5. Hotel Dusk: Room 215
Hotel Dusk: Room 215 by Cing, the developers of the immediately preceding game on this list Trace Memory, offers another amazing adventure title for the DS. The game's standout feature is its noir-inspired art direction and detective-like gameplay, combining to create an enthralling atmosphere.
Played with the DS held sideways like a book, the stylus controls navigation and interaction. The left screen displays the character portrait or a first-person view, while the right screen shows an overhead layout of the surroundings. Most of the gameplay involves investigating objects by tapping, dragging, and clicking. The game introduces a distinctive approach by relying entirely on the stylus without any button presses.
However, the heart of the experience lies in the extensive dialogue and storytelling. Hotel Dusk unfolds a gripping narrative with a vast amount of text, making it essential for players to enjoy reading. The writing is superb, offering realistic and natural conversations, and contributing to the game's immersive storytelling.
Puzzles, though occasional, add variety to the gameplay. Ranging from simple tasks to more complex interactions, these puzzles enhance the overall immersion. The story begins with a vague premise but evolves into a substantial and engaging narrative, keeping players hooked until the conclusion. As ex-NYPD officer Kyle Hyde, players unravel mysteries, search for missing belongings, and navigate the intrigues within the old hotel called Dusk.
With a surprising length for a DS game, Hotel Dusk provides a satisfying playtime. Replayability depends on the player's preference, as knowing the story's outcome might influence the desire to replay. However, multiple endings and details to discover offer potential replay value.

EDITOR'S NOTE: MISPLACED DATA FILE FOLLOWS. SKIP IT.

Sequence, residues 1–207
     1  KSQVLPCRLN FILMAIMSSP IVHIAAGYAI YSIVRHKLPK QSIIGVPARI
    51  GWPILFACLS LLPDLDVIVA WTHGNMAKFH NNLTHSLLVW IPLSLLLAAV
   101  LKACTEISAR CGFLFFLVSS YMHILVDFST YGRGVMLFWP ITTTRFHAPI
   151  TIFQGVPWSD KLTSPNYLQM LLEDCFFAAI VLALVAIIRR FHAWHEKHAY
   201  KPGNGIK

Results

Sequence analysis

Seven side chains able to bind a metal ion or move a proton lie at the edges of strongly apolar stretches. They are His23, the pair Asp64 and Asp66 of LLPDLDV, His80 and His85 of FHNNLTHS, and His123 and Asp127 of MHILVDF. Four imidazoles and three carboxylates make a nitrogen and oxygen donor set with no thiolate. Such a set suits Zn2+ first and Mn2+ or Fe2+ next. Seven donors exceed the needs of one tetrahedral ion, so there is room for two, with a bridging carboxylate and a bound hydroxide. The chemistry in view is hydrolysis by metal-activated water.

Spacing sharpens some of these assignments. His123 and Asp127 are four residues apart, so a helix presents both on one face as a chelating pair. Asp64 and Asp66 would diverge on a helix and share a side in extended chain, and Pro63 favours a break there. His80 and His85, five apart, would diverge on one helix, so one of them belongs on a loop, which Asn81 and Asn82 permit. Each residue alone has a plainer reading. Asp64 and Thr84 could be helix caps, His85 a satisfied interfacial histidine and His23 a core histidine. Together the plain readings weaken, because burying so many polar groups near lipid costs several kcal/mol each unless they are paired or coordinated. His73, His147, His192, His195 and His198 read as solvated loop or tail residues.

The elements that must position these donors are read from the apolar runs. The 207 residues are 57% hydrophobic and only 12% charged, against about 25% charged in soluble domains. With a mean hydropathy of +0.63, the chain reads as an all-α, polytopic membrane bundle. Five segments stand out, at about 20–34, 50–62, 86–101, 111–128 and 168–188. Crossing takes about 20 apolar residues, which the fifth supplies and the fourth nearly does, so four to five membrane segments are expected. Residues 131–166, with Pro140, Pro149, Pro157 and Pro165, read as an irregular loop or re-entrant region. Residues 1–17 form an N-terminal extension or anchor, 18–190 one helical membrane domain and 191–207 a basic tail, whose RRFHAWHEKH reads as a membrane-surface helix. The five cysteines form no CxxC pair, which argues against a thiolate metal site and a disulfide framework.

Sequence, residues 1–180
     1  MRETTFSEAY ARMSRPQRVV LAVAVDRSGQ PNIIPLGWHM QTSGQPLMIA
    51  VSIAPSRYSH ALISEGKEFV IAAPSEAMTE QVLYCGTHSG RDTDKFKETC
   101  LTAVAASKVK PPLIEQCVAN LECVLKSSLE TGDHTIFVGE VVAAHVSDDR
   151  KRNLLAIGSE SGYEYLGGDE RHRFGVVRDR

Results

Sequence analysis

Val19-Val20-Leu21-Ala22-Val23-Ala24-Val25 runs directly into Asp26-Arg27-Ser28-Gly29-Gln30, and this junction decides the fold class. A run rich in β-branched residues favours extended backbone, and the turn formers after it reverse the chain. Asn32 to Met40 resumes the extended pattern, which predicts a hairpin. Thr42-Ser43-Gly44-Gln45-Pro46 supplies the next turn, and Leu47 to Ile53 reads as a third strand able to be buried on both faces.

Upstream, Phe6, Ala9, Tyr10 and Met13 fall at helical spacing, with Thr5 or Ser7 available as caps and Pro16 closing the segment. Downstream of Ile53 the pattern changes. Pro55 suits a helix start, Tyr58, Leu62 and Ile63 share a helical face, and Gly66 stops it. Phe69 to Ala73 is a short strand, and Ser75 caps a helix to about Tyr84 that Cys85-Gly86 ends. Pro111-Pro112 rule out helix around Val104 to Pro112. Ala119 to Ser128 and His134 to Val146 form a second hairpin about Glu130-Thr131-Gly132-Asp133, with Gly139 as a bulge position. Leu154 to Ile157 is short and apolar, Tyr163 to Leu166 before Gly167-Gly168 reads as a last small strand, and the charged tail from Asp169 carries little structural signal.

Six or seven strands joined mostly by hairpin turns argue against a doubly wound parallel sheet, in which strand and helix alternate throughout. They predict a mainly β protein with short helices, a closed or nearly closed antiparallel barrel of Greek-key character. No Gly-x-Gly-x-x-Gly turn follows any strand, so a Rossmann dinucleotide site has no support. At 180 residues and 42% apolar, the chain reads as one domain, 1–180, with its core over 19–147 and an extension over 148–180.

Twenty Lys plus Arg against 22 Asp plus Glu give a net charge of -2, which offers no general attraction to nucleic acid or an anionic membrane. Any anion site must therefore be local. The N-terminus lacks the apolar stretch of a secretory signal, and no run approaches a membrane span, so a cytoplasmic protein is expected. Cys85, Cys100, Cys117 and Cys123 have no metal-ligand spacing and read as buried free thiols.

4. 999: Nine Hours, Nine Persons, Nine Doors
999: Nine Hours, Nine Persons, Nine Doors is a mature-rated visual novel developed by Aksys Games. This game introduces players to Junpei, a college student abducted and placed on an abandoned cruise ship by an anonymous figure named Zero. Zero presents Junpei and eight others with a life-or-death challenge known as “The Nonary Game." The narrative unfolds with questions about trust, motivations, abductions, and the mysterious Zero, creating a gripping and suspenseful atmosphere.
The Nonary Game is a complex challenge where nine characters must escape the abandoned ship within nine hours before it submerges. Each character wears a wristband labeled with a unique number, and locked doors throughout the ship require specific combinations of characters to open. The game intricately weaves together elements of mystery, suspense, and psychological thrillers, drawing inspiration from films like "The Cube," "House of 9," and "Saw," as well as the anime/manga "Death Note." The gameplay combines puzzle-solving, exploration, and visual novel storytelling, offering a unique and immersive experience.